Sunset Shapers, Welcome to the Neighborhood
On a beautiful, sunny September morning, James Mitchell gave the Ocean Beach Bulletin a sneak preview of his new Sunset District surfboard store, Sunset Shapers. A bright and airy space at the corner of Noriega Street and 46th Avenue, it’s filled with what you’d expect: surfboards. Beautiful surfboards. James, a 26-year-old resident of the Outer Sunset, is the man behind Las Olas Surfboards and has opened a storefront so he can shape his custom boards in the neighborhood. On Saturday, Sept. 25, James is hosting a grand opening for Sunset Shapers. The Bulletin’s Mark Lukach watched and filmed James as he put the finishing touches on a new longboard, and then they chatted about his shaping, the store and Ocean Beach.
Q: Tell me about your background as a shaper.
James Mitchell: I started shaping about three to four years ago. I started by doing it in my garage. It started as ding repair, and then transitioned into shaping boards for myself and friends. My roommates got sick of the mess, so I worked up at my parents’ for a bit, until I got a job at the Haut shop in Santa Cruz. That was the beginning of my apprenticeship. I learned about glassing, sanding and the tricks of the trade. I learned a lot from glasser Doug Fletcher, who took me under his wing and is considered one of the best in the business. I picked up tips along the way from other shapers and learned a lot about the design theory behind surfboards. After the last three years of working in Santa Cruz, I wanted to open a shop up in the city, to bring it back to where it all started for me.
Q: How long have you lived here?
J: I’ve lived in the Outer Sunset for about six years. I grew up in Sonoma County, and have surfed Ocean Beach since around high school or so. I’ve always wanted to live here, going back to when I was a little kid, and it’s nice to have everything that I want within a few blocks of each other. I can walk to the beach and walk to the shop.
Q: You’re in the same hub on Noriega Street where the SF Surf Shop used to be. Do you see your shop as trying to continue the trend of having a local shaper for Ocean Beach?
J: Definitely. When I started the shop, I had John Schultz (of SF Shop) very much in mind. He was out here for many years and was known for shaping some of the best boards specifically for Ocean Beach. In many ways, that’s the niche I’m going for. I design a lot of my boards for Ocean Beach, and do about 90 percent custom orders. Most of my work is focusing on giving the customer not only what they want out of a surfboard, but in my opinion what will work best for them, so that they can progress their surfing to where they want to take it.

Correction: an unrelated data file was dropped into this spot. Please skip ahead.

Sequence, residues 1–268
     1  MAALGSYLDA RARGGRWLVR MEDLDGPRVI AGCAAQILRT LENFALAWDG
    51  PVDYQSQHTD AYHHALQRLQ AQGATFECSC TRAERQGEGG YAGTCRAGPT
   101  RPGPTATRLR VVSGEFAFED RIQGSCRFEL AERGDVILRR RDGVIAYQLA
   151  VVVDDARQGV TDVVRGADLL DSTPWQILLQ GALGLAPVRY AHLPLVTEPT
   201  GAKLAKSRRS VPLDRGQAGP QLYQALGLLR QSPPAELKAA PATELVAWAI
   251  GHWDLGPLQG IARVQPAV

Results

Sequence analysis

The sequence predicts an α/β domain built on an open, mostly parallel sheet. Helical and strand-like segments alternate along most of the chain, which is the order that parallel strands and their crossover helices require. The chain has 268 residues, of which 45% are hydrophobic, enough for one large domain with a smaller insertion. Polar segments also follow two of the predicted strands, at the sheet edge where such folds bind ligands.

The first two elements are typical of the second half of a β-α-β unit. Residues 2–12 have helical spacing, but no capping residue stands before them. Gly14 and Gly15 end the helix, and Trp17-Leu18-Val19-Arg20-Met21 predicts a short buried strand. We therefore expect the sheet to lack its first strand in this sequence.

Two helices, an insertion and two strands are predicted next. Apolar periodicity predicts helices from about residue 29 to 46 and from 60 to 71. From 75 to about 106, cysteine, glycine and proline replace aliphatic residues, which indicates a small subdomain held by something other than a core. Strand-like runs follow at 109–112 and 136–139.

Q: What do you like about surfing at OB and the surf community out here?
J: It’s really close-knit out here, and I like that a lot. It’s a low-pro surf town, and everyone kind of knows each other and looks out for each other. The best thing about Ocean Beach is that it may not be the most picturesque place on earth, but when it does turn on, the locals who put in the daily work really score the best waves, and do so without vibing outsiders. This place can throw anything you can handle at you, from small, two-foot longboard waves to 20-foot bombs.
Q: Give me a bit more background on Las Olas, and Sunset Shapers.
J: Las Olas is named after my dog, Olas, and means “the waves” in Spanish. As I said, it started in my garage because I wanted to ride alternative boards but didn’t want to pay too much for them, so I made them myself. That’s been the model I’ve been following ever since: I try to keep my boards as affordable as possible while still providing a high-quality product. It went from making boards for me, to then for friends and then friends of friends. As for the store, my customer basis is mostly in San Francisco, and I wanted to be nearby so that my customers could be more involved in the process of the creation of their boards. I’m trying to keep the old-school feeling alive for surf shops, by shaping them in the back room and selling them out front, which is really being lost in the surf industry. I want to provide a place to spread the knowledge of surfing and board design in a customizable way.
Q: I imagine that like a lot of surfers, I first heard about Las Olas at one of the Wet Wednesday benefits where you donated boards. What has inspired your involvement in these events?
J: [Wet Wednesday founder Jeff Grubler] had a great attitude from the start, and all the boards I’ve donated have been to benefit a local nonprofit. I feel like I’ve gotten so much from the Ocean Beach community that I wanted to give back. But from a more selfish perspective, it gave me and Las Olas some great exposure. It was a win-win.
Q: On Saturday you have your grand opening for your store. What are the plans, and the bigger vision for your store:
J: The grand opening is mainly a meet-and-greet for the community. We’ll have free food and music, and will raffle off some goodies from the shop. I want to open the doors to the community and let everybody come in and see what’s up. As for my long-term goals for the shop, I want to provide a good product for surfers. It’ll be part surf shop, part clubhouse, part art gallery, just a nice hub where people can hang out after a surf, talk design and waves, and feel like it is theirs.
Sunset Shapers is at 3896 Noriega St at 46th Avenue. The store hosts its grand opening at 1 p.m. Saturday, Sept. 25.